Nike have announced the location for Breaking2, their ambitious attempt to run a sub-two hour marathon - the run will be held at Italy's legendary Monza F1 racetrack. Yes, you did read that correctly: it's a car racing track, which is about as far from the fells as it's possible to get.
There's good reason to be interested, though. No-one has ever run a sub-two hour marathon and this attempt would reimagine the limits of human performance, much in the same way as Roger Bannister's four minute mile. According to Nike, Monza is the perfect staging ground for Breaking2:
Asphalt — while asphalt is the preferred road surface, the Monza track also ensures great consistency underfoot
Cambered sections — the course's lack of banks provides a clear, even pitch throughout the loop
Length — At 2.4km, the course allows for perfect management of pacing, hydration, nutrition and support team transitions
Weather — A 6-year historical weather analysis of Monza with comparative exploration of the fastest marathon conditions in history confirmed the locations potential for optimum performance
Along with news of the location, Nike have unveiled three new models of shoe that will be worn by the athletes in their world record attempts: the Nike Zoom Vaporfly 4%, Nike Zoom Fly and Nike Air Zoom Pegasus 34. Given that the shoes will become available in June, we're assuming that Breaking2 will take place at around the same time...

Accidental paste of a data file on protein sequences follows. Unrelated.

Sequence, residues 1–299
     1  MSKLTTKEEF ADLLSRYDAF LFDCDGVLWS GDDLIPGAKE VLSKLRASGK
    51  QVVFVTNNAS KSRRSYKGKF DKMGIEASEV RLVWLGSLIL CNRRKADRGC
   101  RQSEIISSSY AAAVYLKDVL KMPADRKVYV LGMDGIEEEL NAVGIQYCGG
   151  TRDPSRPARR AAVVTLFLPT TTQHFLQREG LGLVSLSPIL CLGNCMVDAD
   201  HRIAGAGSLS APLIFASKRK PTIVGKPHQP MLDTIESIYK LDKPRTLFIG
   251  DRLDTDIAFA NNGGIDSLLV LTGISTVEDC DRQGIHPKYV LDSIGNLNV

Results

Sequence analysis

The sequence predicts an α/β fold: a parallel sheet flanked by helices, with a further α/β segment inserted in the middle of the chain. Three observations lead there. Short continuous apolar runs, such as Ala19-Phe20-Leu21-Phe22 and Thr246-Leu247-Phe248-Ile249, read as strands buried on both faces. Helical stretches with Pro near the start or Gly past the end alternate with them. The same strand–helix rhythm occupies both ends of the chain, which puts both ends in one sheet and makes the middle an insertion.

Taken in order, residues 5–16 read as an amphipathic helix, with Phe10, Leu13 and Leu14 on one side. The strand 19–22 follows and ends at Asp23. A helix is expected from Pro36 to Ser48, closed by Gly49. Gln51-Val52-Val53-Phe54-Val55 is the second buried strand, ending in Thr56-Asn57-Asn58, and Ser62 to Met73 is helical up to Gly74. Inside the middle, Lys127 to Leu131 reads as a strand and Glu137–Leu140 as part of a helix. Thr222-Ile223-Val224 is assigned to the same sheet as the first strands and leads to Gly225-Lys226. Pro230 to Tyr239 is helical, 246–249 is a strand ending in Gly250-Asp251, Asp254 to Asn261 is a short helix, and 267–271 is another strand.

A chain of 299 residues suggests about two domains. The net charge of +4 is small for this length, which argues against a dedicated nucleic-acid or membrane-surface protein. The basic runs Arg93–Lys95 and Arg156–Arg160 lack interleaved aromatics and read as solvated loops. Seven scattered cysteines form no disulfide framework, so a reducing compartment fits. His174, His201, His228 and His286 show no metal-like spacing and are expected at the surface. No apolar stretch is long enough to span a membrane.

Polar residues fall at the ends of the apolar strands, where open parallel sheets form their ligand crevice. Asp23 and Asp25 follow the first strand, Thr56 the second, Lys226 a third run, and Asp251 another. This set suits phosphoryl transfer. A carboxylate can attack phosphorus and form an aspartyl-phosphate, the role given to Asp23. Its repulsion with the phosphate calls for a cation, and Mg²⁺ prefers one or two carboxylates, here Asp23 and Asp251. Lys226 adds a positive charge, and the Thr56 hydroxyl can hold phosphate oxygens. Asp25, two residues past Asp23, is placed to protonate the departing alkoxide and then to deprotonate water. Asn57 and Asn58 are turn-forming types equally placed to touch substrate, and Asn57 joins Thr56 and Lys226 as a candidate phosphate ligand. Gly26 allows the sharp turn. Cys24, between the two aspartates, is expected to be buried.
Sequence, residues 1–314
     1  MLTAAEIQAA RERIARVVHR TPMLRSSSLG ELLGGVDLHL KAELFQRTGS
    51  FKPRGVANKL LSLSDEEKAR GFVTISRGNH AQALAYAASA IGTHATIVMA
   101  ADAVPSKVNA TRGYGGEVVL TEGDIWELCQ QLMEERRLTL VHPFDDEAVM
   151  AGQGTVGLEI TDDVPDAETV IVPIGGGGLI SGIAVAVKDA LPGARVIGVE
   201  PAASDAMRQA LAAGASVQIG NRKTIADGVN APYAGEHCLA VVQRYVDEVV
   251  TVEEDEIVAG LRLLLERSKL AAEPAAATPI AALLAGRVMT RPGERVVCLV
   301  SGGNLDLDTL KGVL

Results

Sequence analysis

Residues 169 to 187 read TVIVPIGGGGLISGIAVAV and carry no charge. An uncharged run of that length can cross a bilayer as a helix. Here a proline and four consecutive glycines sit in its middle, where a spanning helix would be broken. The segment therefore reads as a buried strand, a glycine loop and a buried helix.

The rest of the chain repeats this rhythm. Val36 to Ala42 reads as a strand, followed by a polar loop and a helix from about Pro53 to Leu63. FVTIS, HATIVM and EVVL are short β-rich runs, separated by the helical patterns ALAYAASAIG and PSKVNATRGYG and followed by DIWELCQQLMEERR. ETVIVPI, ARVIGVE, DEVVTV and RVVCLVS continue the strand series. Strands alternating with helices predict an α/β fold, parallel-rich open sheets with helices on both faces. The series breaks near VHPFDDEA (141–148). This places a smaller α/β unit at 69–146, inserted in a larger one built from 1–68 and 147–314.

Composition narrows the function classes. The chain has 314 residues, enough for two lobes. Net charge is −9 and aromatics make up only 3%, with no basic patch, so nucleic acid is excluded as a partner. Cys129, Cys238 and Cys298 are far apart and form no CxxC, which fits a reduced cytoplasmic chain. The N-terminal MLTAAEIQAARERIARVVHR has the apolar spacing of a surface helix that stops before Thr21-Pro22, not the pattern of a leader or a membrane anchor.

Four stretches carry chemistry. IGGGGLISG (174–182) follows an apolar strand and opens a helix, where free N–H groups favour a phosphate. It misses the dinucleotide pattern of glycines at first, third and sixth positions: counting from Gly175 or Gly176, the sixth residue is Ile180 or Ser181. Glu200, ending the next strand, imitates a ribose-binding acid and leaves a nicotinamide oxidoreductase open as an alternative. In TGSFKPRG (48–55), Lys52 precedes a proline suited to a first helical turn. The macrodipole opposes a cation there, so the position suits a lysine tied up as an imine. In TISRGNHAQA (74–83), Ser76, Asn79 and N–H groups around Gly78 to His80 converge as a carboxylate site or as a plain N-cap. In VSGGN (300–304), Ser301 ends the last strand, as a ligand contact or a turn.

BREAKING WHAT NOW?
Nike announced Breaking2 to the world late last year - in short, it's their attempt to break the two-hour marathon mark, something previously - and currently, by some - thought impossible. There is, however, quite a lot more going on than that. If successful, Breaking2 would represent a milestone in human athletic performance and would simultaneously showcase the scientific and commercial power of Nike as a sports brand. Some people have argued, however, that even if the attempt is successful the record shouldn't stand as it will have been performed under artificial conditions, not at an official marathon.
The current marathon world record stands at 2:02:57, set by Kenya's Dennis Kimetto in 2014 at the Berlin Marathon. In 1991, Michael Joyner - a polymathic anesthesiologist at the Mayo Clinic in Minnesota - calculated that 1:57:58 is the physiological limit for any human being for a marathon, but it would require a perfect athlete in perfect conditions. Nike have, by the looks of this recent announcement, taken care of the perfect conditions. The three athletes they have picked to run are Eliud Kipchoge, Lelisa Desisa and Zersenay Tadese - whether any of them will prove to be perfect is yet to be seen.